An incredibly elegant and well-written side-scrolling beat ’em up that at times falls victim to its own repetitive gameplay. Find out what we thought in our 9 Monkeys of Shaolin PC review!
9 Monkeys of Shaolin is a new 3d side-scrolling beat-em-up game that takes you on an adventure to ancient china, where you embark on a story of revenge and self-discovery – As you learn to channel your inner Qi… Kind of.
The game opens up with the attack of your village, you play as Wei Cheng, A fisherman who takes up arms in order to protect his village from the ruthless wokou pirates. Following his attempted defence of the village, he himself gets wounded in combat. Upon reawakening, he finds himself in the company of Shaolin monks, where he learns of the death of his grandfather during the attacks by his saviours.
It is here that Wei Cheng embarks on his journey of self-discovery.
The gameplay of 9 Monkeys of Shaolin doesn’t stray too far into unchartered waters. You start out on your journey with a small handful of moves available. as you progress through the story and begin to find yourself, your Shaolin master will gradually teach you more and more moves that will aid you in combat.
The game tries to discourage button mashing by incorporating a timed system, Forcing the player to parry or dodge incoming attackers and projectiles, before unleashing your own barrage of attacks.
Unfortunately, the majority of the game is spent fighting trash mobs, an endeavour that becomes rather tedious the longer you progress. Though this is something that all beat ’em ups fall victim to and is not exclusive to this title.
Where this game does recover is whenever a boss fight finally comes around. These focus on overcoming these foes through timings of attacks and finding each bosses vulnerabilities. The boss fights in this game steer away from a lot of the generic beat em up games and starts shifting towards the Dark Souls ‘Learning the enemy’ style of philosophy. For me, this was a great touch… Unfortunately, the bosses were few and far between.
The game also does add RPG elements, allowing you to change your weapons, Necklace and even your shoes to complement your desired play style. As well as progressing down a very extensive skill tree, allowing you to experience the game to the play style that you want.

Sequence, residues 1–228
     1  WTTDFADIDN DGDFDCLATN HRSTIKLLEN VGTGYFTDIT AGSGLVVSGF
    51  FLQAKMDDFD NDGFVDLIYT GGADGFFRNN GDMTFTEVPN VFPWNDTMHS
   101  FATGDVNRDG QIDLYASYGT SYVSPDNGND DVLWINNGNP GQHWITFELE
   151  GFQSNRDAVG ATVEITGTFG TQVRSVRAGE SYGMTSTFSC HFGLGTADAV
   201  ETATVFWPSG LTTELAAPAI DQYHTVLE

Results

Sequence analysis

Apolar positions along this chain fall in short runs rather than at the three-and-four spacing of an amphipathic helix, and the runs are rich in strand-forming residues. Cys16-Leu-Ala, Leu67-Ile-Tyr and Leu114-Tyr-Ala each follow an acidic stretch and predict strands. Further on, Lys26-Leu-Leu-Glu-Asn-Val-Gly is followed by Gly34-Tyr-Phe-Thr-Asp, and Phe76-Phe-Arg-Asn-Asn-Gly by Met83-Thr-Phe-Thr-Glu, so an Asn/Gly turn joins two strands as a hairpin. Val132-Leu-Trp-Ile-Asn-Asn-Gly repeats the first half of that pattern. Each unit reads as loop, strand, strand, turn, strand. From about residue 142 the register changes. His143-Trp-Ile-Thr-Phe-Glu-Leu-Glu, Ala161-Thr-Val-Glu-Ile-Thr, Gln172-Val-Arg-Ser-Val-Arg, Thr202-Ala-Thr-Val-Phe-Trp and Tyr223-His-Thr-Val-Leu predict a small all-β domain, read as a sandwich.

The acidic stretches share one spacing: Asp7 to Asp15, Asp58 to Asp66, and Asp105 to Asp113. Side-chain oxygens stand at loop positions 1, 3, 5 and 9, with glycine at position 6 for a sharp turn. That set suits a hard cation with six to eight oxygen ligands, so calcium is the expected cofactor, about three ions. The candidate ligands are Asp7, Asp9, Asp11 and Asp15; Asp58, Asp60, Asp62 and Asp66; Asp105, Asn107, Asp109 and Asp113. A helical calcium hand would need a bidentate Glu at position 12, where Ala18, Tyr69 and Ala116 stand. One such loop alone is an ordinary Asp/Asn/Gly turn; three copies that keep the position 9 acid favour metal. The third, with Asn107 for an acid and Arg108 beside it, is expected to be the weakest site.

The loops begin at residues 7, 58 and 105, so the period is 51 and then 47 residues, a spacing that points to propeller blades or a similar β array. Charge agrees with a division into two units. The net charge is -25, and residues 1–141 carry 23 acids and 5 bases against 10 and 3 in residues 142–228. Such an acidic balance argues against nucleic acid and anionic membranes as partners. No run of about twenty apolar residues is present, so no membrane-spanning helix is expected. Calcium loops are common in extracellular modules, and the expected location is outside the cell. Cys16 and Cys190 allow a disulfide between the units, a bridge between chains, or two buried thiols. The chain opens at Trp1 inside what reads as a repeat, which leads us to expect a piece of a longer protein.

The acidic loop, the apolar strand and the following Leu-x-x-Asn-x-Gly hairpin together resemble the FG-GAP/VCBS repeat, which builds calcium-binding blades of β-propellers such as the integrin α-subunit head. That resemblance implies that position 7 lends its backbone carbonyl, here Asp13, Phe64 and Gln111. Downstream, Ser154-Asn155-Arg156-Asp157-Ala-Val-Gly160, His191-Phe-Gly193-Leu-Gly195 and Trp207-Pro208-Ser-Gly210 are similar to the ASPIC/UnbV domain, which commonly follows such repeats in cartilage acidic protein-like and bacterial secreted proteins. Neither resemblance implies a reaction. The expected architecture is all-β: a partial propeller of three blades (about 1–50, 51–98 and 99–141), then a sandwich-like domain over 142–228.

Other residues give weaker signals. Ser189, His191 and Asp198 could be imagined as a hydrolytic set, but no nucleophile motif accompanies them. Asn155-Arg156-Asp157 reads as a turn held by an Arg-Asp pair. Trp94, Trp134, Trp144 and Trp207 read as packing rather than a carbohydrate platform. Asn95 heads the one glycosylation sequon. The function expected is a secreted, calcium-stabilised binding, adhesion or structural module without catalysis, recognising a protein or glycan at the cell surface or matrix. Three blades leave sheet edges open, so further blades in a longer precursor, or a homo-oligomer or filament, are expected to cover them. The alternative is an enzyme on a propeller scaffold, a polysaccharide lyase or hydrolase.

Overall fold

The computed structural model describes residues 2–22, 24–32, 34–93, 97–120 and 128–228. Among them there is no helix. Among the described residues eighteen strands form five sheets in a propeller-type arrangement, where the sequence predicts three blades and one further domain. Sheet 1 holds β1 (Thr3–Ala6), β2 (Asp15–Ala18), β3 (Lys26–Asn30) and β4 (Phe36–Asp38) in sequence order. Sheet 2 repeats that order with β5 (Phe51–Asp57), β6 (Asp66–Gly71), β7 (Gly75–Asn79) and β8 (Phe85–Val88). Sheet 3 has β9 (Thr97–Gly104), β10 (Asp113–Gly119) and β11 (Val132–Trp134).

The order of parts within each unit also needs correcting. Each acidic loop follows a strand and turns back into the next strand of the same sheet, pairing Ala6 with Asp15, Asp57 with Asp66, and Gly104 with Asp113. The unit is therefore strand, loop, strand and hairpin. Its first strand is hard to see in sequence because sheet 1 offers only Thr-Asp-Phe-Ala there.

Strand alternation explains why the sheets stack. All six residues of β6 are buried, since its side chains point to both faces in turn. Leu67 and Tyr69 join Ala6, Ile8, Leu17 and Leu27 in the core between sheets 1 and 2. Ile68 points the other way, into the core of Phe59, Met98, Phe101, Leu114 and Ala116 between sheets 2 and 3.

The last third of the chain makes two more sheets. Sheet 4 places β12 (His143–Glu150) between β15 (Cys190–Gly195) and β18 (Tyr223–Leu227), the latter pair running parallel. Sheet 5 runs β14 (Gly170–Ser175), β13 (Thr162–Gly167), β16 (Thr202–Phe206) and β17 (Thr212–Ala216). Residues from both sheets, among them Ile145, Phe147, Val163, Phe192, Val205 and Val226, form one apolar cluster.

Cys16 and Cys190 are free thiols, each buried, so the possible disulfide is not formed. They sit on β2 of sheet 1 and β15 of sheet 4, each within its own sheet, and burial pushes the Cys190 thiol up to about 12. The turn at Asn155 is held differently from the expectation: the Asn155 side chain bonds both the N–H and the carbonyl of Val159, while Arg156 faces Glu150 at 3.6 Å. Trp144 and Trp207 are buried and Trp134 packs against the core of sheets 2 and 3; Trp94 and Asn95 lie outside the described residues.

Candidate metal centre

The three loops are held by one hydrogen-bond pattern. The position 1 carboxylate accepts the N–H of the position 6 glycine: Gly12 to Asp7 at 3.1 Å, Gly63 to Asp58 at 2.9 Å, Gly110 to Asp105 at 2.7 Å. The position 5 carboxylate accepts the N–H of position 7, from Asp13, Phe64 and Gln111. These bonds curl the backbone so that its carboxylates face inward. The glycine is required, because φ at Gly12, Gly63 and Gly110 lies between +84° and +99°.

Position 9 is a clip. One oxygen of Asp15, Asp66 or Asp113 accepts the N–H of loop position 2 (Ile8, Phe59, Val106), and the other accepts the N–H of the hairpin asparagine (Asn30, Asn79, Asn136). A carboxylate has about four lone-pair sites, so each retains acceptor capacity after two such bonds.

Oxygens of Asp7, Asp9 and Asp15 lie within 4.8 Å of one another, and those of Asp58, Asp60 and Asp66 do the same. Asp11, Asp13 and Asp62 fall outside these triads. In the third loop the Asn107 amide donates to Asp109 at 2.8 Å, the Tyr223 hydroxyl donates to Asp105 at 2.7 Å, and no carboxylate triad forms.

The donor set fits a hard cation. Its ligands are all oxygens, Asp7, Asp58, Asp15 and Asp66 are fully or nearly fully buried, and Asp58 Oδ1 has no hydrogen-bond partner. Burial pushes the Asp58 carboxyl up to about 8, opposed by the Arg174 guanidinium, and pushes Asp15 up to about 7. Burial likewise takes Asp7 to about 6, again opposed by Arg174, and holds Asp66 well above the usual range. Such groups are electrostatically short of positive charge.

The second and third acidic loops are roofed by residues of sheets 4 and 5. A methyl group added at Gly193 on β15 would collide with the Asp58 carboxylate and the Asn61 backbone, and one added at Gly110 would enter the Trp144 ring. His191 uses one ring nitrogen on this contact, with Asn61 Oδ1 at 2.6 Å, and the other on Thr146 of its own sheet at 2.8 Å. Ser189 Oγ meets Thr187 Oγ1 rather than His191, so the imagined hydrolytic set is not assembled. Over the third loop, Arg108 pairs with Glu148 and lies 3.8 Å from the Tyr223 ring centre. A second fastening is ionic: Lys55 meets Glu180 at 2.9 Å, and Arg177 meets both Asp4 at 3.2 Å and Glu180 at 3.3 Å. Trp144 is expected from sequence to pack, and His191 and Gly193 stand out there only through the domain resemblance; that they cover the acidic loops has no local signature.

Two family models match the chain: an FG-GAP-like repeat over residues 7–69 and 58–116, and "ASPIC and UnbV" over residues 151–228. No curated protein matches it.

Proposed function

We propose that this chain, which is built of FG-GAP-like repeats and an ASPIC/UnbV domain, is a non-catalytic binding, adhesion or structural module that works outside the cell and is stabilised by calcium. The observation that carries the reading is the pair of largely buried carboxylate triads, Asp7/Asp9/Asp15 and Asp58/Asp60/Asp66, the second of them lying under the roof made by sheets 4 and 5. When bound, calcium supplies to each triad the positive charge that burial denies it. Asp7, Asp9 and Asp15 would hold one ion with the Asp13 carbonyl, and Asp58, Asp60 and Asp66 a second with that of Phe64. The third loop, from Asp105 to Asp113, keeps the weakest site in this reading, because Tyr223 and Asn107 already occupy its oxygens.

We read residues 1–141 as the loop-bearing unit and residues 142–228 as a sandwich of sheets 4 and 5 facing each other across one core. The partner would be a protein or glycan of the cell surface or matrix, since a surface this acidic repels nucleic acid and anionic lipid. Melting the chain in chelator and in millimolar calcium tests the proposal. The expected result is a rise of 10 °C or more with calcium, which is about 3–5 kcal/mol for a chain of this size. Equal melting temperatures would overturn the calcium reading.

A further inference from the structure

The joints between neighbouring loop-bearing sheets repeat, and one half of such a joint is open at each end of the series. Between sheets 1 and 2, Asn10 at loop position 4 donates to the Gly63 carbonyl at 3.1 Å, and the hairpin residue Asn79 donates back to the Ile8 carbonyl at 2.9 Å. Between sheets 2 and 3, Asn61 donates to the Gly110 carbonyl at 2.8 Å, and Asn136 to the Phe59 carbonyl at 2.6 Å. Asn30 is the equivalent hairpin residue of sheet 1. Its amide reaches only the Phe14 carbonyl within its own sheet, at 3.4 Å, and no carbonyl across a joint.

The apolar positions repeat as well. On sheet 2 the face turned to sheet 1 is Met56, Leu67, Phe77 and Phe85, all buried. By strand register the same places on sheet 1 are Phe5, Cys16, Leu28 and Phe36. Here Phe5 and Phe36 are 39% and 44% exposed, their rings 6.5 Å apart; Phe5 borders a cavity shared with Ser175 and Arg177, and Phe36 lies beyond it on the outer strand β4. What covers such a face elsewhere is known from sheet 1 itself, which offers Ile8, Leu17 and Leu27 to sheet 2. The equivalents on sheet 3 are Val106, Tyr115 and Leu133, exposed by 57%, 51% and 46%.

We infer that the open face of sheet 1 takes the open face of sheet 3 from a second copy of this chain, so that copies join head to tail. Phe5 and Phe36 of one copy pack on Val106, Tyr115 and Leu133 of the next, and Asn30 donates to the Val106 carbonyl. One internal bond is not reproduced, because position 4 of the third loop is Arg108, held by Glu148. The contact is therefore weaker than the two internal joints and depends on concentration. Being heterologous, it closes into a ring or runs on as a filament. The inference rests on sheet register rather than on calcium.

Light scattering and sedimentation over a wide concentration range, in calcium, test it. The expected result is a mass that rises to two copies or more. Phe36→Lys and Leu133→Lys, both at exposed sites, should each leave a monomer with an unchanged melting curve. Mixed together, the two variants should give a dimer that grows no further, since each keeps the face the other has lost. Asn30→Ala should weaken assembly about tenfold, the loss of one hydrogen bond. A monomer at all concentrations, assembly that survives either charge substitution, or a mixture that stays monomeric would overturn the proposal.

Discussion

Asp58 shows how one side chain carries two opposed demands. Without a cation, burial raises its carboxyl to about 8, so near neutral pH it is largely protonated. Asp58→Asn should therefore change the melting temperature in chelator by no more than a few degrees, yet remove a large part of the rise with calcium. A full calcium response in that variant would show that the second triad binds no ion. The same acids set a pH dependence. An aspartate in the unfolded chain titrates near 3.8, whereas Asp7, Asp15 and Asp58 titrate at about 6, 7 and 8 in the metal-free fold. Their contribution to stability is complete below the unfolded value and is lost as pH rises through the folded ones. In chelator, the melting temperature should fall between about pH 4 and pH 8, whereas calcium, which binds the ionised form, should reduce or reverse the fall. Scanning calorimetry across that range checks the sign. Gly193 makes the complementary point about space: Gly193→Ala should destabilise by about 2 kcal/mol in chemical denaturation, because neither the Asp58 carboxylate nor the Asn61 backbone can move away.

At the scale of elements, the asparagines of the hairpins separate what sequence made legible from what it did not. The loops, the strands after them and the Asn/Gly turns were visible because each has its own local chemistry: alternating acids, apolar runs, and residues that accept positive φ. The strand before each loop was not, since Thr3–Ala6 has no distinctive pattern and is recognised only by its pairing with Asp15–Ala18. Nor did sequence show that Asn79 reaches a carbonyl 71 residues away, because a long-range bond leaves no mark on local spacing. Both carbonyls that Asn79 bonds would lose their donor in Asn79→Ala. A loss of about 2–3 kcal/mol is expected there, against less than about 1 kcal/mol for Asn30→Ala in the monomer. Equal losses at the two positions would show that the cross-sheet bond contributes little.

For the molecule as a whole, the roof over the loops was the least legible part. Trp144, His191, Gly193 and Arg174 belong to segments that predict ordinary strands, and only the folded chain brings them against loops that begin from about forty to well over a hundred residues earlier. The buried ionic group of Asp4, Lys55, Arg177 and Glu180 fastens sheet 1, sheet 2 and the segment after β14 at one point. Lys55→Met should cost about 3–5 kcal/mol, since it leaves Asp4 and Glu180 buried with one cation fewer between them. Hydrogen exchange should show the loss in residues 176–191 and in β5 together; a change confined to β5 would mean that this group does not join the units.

The game has 4 difficulties, with each varying difficulty adjusting enemy damage percentages and disabling in-game save points. All this most certainly helps the player find their difficulty.
Unfortunately, I had to play through the game on my lonesome, but co-op is a feature that this game has. both local and online.
The graphics design and artwork capture the oriental beauty perfectly. The story unravels itself with a calligraphy style artwork design as if unravelling a piece of history as the story progresses and every single level has its own unique setting.
The maps hold a huge range, one level you will be fighting your way through a village, and the next you will be making your way be exploring a poorly lit cave.
The fighting animations are pleasing to the eye and despite some minor bugs and hiccups. The game as a whole is aesthetically stunning.
9 Monkeys of Shaolin was very short. Despite being able to replay missions once you have completed the story until you have fully mastered every skill tree. I had fully completed every main and side mission in about 4 hours. Which for the price tag makes me question if this game is worth it on release.
The voice acting on 9 monkeys of Shaolin is masterfully done. You feel and empathise with the characters, and considering this is only a 4-hour game I can’t help but feel like the incredible voice acting played a huge part in this.
The soundtrack is quite repetitive, but eventually becomes part of the ambience of the game. The collective audio for 9 monkeys of Shaolin is certainly above average.
9 Monkeys of Shaolin is a well written and well played out game. The gameplay does become a bit dull come the end but for anyone who is a big fan of the genre then they probably don’t regard that in the same way that I do. Due to the length, I can’t see this game being worth the price tag, but if you have money to burn then this game is still worth a play!
If you are undecided on whether this game is for you, why not first try out the Demo here?
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